Dogs amaze me. Every facet of their beings puts me in a state of awe and wonder. It can be seen as simply as the need to survive. If a fight breaks out in a wolf pack, there is always a reason. It isn't a random act of violence, it for the protection of the pack that everyone knows their place and if there is a challenge it is dealt with head one. Once there is submission, the submissive one doesn't start plotting out revenge out on the hunt. He isn't thinking how he will get that wolf back. He moves on. For his role in the hunt is just as important as being submissive to the fight.
While difficult to believe that our loving pets, that cuddle on our beds are descendants of these wild creatures, there is still a structure and order that I really don't think we can begin to understand. Speaking from my mere experience of having two packs for just over two years, it is still a mystery to me. After witnessing and observing the data of how these two different packs operate, it is still difficult to tell what really sparks a challenge or a defiance of order. For example: Food may be the object, but what really sets the gears in motion to protect it? Survival? Territory? Dominance? Do we really know what makes that particular dog feel threatened? Blaze and Chance can literally share a plate together very nicely, but there will be moment when that gear sparks off and ensues a riff between the two. Is it the actual food itself or the communication between them? Someone stepping a boundary that was set just at that moment and was suddenly challenged. Is it because of their history? Their previous owners used to throw a piece of food at them when they were still young and watch them fight over it. If so, what makes that flip back to the past of the need to fight over that morsel? Do they have triggers like we do that sets us on an automatic course of reaction? Or is it because Blaze is more dominant than Chance and feels she has first rights to him? Could he have done something earlier in the day that challenged her authority that she felt the need to clarify once he started to cross that line again? Or is in the bloodlines? Daddy Dog Brut is known for his possessiveness of food, which can be attributed back to his grandfather and when he was being weaned from his mother. Can it really be that complex? Or is the simple the survival of the fittest?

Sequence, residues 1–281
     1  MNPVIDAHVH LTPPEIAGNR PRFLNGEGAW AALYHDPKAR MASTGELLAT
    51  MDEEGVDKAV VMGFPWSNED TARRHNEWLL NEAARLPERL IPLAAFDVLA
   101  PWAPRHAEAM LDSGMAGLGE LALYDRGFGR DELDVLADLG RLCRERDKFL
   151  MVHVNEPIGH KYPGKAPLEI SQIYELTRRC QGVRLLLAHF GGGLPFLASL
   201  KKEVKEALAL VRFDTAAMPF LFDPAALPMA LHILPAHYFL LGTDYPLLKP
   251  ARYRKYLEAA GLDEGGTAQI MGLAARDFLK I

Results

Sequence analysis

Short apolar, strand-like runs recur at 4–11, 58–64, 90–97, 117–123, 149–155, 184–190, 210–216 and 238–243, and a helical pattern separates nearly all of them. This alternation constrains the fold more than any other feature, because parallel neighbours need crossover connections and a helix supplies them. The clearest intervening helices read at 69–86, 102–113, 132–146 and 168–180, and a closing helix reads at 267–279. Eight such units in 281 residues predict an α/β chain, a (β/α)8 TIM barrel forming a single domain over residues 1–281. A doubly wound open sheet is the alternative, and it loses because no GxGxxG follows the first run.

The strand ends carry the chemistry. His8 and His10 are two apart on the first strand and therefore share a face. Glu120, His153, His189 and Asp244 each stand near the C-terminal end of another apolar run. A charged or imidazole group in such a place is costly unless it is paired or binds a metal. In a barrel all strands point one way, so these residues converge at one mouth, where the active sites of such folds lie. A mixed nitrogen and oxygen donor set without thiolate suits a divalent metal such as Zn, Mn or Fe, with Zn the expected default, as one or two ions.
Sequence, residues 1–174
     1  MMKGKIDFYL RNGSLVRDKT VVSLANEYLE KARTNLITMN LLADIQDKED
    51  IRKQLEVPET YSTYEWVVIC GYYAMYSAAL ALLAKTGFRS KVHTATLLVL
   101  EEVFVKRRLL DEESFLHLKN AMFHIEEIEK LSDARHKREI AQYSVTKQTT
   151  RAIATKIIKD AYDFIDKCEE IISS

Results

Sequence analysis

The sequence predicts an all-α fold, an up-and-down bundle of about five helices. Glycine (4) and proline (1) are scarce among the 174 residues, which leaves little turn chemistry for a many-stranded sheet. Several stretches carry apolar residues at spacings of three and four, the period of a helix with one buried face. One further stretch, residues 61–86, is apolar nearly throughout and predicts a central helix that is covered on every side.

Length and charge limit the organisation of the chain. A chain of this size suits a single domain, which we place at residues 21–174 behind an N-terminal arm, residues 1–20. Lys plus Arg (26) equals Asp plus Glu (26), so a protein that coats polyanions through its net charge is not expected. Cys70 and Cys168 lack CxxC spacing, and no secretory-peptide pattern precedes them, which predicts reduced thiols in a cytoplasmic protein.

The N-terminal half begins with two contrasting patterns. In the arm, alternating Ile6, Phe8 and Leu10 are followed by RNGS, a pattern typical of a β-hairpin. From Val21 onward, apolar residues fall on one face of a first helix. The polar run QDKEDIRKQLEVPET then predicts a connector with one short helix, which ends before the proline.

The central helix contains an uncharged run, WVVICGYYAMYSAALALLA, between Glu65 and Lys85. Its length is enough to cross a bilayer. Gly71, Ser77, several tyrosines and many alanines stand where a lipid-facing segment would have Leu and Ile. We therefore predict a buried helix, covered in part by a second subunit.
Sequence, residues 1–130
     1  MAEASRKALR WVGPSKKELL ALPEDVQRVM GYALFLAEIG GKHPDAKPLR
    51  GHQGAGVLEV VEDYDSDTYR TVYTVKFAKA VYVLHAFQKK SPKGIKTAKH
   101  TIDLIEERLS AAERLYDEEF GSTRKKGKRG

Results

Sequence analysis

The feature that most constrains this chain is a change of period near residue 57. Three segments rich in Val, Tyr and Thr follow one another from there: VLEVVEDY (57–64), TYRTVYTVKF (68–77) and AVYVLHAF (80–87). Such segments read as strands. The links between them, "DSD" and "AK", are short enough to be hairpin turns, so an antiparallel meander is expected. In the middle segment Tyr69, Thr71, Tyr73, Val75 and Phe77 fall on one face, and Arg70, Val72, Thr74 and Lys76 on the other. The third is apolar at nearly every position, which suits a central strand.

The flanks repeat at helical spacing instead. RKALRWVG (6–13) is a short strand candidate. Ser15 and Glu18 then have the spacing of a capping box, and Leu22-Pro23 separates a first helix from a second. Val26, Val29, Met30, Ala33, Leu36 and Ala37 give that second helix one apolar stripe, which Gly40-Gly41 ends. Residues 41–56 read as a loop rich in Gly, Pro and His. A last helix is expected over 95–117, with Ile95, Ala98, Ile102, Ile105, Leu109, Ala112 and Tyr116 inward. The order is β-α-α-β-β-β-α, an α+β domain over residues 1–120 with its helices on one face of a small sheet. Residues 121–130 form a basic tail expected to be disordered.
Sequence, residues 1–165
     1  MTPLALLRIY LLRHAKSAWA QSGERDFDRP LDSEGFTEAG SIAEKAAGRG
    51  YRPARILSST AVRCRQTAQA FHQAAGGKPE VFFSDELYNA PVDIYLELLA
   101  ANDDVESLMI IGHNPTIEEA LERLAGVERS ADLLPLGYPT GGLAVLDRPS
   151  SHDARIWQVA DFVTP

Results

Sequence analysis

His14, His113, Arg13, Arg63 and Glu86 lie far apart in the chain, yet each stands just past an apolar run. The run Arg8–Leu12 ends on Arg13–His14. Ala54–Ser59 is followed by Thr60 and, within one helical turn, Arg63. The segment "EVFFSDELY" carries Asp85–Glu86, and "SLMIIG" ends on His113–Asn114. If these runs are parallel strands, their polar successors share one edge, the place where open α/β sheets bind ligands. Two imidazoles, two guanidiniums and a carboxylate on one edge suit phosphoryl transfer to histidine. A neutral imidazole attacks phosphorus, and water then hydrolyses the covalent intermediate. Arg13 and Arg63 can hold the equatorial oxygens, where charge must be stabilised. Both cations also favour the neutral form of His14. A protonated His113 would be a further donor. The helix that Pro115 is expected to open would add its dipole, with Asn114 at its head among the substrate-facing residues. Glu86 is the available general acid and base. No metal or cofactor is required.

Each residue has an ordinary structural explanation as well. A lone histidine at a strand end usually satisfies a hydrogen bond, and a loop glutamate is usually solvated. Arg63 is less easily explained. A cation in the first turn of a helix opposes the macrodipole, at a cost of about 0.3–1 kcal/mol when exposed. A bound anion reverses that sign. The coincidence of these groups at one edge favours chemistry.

What I have found it it may be all of these reasons combined. I have watched as a particular motion will cause a reaction from Chance and Blaze in accordance with being abused. I have seen Blaze put Chance in his place when he crosses a line and vice versa. I have put down one plate of food for them to finish and most days they lick it clean together, but there are other days Chance backs away while Blaze gets the goodies. Then there are those rare moments when a fight breaks out over food. What makes one moment to the next different from the other? What pushes that limit? Can we really say we know? When you are tired, don't you give out different signals that may be interpret as something else? You can explain it by saying your tired and we all understand that. But what if you said it in a foreign language and no one understood you? How would you get your message across? How could we comprehend exactly